“I would certainly recommend the scheme to other employers as it enables junior talent to flourish and remain in Leicester, which helps in the development and growth of the city. It also enables individuals to develop their transferable skills.”
Steve Brown, from Leicestershire-based recruitment firm Euro Projects, added: “Our intern, Joshua Richardson, has been very focused with a real can-do attitude. Josh has been helping to update our database and explore contacts in new markets for us, and has taken on everything we have asked him with enthusiasm and ease.
“We have had many placement students and interns over the years and we love sharing our experience and giving them the opportunity to gain valuable real world work experience with us. Several of our senior consultants today started out as interns many years ago.”
An economic and social impact report published last year by the University of Leicester showed that students are a vital part of local economy. Almost 20,000 students contribute annually to the city’s economy in shops, bars and restaurants, spending £10million.
However, once they graduate, only 27% of students choose to make Leicester their home.
Leicester City Council’s assistant city mayor for jobs and skills, Cllr Danny Myers, said: “Students are an absolutely vital part of our city’s economy, community and cultural life. These internships allow students to share their knowledge with local employers, who can use these skills to problem-solve in ways they may not have thought of before.
“It’s also a chance for students to experience the range of opportunities that could be available to them locally and find out more about Leicester’s reputation as a great place for start-ups and small businesses. This will help us to increase graduate retention, boosting our skills pool, which will in turn attract more employers to the city. It’s win-win.”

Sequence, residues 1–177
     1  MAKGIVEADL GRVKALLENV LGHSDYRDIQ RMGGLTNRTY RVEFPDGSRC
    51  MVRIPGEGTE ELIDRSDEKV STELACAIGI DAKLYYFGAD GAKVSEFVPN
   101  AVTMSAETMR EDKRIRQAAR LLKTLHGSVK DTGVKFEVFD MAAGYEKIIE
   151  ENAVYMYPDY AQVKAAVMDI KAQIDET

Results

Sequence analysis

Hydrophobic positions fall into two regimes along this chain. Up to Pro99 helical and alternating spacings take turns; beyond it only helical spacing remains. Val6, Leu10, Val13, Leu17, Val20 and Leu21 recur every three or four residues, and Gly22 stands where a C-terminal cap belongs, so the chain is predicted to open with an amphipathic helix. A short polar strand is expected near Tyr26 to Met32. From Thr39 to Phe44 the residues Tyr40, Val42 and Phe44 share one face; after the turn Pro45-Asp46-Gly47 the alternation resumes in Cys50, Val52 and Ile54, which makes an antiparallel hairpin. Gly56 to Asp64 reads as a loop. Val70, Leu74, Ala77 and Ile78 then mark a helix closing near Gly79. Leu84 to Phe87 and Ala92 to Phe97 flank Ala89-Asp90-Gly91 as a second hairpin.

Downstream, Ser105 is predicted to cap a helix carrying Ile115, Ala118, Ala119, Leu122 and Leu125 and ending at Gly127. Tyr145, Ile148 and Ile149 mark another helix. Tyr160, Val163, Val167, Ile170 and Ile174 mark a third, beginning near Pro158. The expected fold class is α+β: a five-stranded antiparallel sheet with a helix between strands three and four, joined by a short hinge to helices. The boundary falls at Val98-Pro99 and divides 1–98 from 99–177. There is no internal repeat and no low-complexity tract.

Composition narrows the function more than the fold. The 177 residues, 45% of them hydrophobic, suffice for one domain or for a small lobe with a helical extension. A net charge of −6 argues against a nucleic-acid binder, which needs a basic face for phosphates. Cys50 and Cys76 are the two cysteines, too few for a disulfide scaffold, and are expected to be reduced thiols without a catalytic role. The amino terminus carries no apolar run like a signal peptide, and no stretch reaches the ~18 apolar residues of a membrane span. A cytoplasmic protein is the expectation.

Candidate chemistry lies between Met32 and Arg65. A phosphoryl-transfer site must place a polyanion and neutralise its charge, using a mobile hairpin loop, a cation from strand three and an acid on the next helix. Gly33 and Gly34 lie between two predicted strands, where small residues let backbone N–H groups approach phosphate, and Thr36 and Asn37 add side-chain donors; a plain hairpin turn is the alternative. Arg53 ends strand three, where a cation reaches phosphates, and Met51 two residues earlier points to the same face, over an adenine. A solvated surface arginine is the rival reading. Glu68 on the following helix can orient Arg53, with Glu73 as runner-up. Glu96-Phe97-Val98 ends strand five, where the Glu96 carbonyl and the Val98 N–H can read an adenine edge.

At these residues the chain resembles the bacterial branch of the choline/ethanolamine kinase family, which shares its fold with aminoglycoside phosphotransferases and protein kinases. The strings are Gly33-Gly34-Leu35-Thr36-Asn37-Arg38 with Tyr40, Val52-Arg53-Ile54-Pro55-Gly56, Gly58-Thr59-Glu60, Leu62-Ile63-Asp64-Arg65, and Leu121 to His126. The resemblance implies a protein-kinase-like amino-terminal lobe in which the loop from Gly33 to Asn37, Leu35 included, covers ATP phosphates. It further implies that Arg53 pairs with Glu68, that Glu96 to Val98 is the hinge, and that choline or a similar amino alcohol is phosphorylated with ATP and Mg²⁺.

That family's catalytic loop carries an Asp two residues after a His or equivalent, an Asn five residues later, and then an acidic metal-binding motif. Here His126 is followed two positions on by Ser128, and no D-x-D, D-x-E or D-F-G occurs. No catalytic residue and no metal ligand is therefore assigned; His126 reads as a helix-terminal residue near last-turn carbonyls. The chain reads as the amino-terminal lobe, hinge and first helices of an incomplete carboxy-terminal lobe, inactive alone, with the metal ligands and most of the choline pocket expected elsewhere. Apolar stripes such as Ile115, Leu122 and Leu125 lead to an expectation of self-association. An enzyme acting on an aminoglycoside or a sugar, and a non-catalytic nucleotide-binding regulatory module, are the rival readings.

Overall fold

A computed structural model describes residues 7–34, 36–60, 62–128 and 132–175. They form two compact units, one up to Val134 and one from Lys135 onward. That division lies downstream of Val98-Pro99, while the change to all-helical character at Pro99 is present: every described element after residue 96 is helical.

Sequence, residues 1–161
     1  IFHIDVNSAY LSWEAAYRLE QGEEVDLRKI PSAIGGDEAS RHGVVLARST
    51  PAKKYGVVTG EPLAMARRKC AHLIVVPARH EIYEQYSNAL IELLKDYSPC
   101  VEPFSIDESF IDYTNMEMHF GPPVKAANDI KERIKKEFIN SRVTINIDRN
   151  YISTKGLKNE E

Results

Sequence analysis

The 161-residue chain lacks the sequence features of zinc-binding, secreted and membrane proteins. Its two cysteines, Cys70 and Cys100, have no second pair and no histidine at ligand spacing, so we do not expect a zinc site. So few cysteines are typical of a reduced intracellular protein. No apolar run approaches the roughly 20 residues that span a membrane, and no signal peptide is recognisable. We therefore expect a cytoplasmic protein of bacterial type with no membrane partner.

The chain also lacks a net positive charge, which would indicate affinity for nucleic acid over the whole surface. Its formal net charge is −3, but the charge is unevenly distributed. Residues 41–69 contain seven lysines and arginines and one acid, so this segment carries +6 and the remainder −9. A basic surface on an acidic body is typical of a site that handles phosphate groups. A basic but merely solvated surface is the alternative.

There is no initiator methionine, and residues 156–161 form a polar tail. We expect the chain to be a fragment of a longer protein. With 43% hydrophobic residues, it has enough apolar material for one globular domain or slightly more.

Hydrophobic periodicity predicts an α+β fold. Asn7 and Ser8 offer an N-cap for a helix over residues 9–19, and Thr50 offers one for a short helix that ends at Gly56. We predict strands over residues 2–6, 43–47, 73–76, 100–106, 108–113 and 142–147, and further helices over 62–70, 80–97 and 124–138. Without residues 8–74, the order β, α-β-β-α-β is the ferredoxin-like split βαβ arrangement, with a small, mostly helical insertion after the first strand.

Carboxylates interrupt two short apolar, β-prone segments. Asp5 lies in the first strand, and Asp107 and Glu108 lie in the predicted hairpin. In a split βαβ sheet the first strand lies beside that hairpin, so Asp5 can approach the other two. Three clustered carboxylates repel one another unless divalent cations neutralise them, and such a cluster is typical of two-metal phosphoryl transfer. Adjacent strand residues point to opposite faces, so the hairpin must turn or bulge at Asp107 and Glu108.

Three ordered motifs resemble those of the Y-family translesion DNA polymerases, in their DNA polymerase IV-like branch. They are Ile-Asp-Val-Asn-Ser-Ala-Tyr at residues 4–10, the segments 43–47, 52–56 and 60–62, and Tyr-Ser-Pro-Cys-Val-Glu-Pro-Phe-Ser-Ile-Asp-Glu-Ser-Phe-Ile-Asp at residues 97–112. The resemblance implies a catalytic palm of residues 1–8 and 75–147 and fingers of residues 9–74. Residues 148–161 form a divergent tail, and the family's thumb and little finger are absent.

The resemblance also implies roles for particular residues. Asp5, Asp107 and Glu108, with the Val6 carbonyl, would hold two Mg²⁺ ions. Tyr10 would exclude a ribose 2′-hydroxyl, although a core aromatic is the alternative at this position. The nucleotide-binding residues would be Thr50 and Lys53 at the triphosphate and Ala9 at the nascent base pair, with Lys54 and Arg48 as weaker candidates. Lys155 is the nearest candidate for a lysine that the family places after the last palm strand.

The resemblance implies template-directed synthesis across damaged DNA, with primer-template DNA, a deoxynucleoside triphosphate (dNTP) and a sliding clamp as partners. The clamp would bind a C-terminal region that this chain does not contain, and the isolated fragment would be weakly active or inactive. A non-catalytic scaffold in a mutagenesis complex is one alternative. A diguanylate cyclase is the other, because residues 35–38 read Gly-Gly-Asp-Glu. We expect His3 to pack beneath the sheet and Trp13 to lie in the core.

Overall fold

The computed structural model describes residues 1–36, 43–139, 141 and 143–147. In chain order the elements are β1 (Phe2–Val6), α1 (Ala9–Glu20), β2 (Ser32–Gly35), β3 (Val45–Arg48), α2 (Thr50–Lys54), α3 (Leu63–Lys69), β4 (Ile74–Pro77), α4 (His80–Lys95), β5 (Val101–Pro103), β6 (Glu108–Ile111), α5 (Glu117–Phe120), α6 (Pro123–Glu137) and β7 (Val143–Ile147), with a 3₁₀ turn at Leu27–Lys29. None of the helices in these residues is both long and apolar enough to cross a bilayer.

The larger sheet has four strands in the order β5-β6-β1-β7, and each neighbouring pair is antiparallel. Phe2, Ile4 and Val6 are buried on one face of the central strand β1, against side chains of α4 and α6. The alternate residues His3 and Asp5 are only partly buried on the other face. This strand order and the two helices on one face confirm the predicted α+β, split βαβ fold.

De Montfort University’s Head of Graduate Success, Adele Browne, said: “It is exciting that by offering these internships to second year students, we are already seeing the employers making longer-term job offers that will enable the students to stay in Leicester. Having a graduate job is a deciding factor in whether students stay in the city. First and foremost, they need the means to rent somewhere to live once their student accommodation ends.”
Rob Fryer, Director of Student Opportunity at the University of Leicester, added: “Leicester is a hugely vibrant city and already a great place to do business, and to offer students a range of additional opportunities through this Graduate City scheme delivers benefits for everyone.
“Not only do businesses in the city get to benefit from our hugely talented students, but our students, in turn, can enjoy what could become career-defining experiences right here in Leicester and Leicestershire.”
Students interested in becoming part of the scheme can find out more through their university careers services. Employers who are interested in joining should email firstname.lastname@example.org
Notes to Editors
Picture shows Asmaa Abdalla, left, and Rhea Francois
European Social Fund
The Graduate City Project is receiving up to £840k of funding from the European Social Fund as part of the 2014-2020 European Structural and Investment Funds Growth Programme in England. Established by the European Union, the European Social Fund helps local areas stimulate their economic development by investing in projects which will support skills development, employment and job creation, social inclusion and local community regenerations. For more information visit